Diet soda may seem to be a healthier alternative to calorie-laden regular soda, but a new study shows that people who regularly drink diet soft drinks may be putting their hearts at risk.
Those who drank diet soda on a daily basis were at an increased risk of experiencing stroke, heart attack and death due to these conditions, according to the study.
"Our results suggest a potential association between daily diet soft drink consumption and vascular outcomes," study researcher Hannah Gardener, an epidemiologist at the University of Miami's Miller School of Medicine, said in a statement.
To analyze the relationship between both diet and regular soft drink consumption and heart disease, researchers studied the data of 2,564 participants in the Northern Manhattan Study, which was designed to determine stroke incidence, risk factors and prognosis in a multiethnic urban population.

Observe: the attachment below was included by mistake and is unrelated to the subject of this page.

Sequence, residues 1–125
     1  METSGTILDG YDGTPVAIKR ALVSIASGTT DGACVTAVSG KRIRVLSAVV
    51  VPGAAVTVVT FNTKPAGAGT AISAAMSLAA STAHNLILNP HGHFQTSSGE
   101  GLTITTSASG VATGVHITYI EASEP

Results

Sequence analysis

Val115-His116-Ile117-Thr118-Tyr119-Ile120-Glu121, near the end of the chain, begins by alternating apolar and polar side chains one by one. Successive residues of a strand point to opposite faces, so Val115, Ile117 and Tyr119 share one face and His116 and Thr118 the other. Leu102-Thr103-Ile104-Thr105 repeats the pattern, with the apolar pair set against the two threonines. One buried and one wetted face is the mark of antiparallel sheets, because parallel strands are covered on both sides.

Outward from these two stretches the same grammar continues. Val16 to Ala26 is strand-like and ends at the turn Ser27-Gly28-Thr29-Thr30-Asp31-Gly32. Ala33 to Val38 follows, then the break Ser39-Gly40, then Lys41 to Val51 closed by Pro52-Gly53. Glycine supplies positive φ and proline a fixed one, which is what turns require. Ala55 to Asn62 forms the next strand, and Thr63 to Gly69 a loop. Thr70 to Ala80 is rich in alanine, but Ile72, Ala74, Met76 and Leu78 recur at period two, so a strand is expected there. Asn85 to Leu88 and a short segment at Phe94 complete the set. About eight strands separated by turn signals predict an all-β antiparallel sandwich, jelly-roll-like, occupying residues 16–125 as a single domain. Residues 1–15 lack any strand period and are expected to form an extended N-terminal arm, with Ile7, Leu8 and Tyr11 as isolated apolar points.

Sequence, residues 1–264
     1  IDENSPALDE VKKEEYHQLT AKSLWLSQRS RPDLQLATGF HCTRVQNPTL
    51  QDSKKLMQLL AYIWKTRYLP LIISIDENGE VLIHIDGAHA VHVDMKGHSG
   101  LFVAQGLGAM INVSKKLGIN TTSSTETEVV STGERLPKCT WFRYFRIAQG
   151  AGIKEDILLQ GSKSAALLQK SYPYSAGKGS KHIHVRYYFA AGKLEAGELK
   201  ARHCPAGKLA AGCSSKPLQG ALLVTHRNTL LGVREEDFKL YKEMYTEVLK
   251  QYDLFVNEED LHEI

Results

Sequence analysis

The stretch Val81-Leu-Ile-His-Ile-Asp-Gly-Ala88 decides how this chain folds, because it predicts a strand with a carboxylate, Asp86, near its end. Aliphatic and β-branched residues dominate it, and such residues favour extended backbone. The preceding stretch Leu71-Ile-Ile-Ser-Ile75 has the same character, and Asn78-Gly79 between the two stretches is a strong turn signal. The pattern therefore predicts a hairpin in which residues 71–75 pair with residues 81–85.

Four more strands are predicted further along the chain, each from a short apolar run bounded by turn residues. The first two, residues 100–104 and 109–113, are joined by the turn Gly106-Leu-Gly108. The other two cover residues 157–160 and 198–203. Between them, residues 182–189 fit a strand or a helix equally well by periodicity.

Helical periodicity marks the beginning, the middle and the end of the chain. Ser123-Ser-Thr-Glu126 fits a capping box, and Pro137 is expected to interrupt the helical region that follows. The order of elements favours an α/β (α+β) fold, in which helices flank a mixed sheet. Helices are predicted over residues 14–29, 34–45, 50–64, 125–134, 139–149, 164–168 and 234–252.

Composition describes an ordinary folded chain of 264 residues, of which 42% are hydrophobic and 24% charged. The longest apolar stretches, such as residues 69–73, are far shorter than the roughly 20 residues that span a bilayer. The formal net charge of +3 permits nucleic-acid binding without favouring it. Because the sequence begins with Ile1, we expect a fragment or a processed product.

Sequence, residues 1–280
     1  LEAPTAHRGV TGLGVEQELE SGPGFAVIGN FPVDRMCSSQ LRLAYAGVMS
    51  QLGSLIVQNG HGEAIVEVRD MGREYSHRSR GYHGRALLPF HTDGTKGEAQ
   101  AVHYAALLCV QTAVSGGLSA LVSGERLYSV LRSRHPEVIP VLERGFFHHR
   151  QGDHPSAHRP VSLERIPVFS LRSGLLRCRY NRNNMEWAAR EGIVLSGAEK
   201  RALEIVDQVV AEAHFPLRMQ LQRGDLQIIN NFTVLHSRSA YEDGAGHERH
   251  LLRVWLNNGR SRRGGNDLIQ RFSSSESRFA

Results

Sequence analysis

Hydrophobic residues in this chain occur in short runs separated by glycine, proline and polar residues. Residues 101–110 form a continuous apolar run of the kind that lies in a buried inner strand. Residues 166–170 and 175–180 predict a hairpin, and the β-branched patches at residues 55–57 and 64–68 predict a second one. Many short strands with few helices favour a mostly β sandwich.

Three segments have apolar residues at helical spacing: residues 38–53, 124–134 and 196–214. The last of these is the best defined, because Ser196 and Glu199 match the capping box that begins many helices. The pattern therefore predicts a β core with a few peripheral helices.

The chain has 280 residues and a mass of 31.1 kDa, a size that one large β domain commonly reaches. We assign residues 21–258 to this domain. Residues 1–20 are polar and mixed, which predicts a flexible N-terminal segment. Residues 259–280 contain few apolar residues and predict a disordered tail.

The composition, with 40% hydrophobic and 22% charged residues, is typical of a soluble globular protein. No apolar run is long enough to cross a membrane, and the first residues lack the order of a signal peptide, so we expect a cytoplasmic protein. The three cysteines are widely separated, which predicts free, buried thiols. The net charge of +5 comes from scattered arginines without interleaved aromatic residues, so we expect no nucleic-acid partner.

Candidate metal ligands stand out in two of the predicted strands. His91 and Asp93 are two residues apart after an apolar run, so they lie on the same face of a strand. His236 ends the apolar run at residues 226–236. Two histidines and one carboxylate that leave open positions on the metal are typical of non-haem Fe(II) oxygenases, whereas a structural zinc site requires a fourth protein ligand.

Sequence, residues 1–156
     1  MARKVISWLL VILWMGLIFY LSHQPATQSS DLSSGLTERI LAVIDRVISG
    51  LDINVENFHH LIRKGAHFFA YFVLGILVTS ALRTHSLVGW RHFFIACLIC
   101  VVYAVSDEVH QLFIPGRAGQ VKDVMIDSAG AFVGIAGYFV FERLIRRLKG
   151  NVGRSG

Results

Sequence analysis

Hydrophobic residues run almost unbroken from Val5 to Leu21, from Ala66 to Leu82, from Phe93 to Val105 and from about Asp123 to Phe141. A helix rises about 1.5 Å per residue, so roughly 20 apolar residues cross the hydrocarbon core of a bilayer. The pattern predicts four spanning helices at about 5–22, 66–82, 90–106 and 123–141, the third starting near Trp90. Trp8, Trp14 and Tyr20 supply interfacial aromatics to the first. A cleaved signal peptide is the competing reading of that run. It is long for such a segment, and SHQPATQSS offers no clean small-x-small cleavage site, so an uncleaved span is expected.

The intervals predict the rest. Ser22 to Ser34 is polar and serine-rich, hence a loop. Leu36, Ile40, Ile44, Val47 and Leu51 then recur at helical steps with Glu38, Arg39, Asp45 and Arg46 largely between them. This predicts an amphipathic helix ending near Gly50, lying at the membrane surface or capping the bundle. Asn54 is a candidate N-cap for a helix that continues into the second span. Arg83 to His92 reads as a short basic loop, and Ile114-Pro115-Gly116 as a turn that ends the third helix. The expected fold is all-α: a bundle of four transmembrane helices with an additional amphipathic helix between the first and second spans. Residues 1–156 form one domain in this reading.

Working in collaboration with researchers at the Columbia University Medical Center, Gardener and her colleagues looked at how often each participant drank soft drinks, whether the beverages were diet or regular, and the number of strokes, heart attacks and heart-disease related deaths that occurred among the participants over a 10-year period.
After taking into account pre-existing conditions, such as diabetes and high blood pressure, the researchers found that people who drank diet soft drinks daily were 43 percent more likely to have had a stroke or heart attack, or died of heart disease, than those who did not drink diet soda.
The study also showed that those who drank less diet soda (who drank it between once a month and six times a week), as well as people who drank regular soft drinks, were not more likely to suffer vascular events.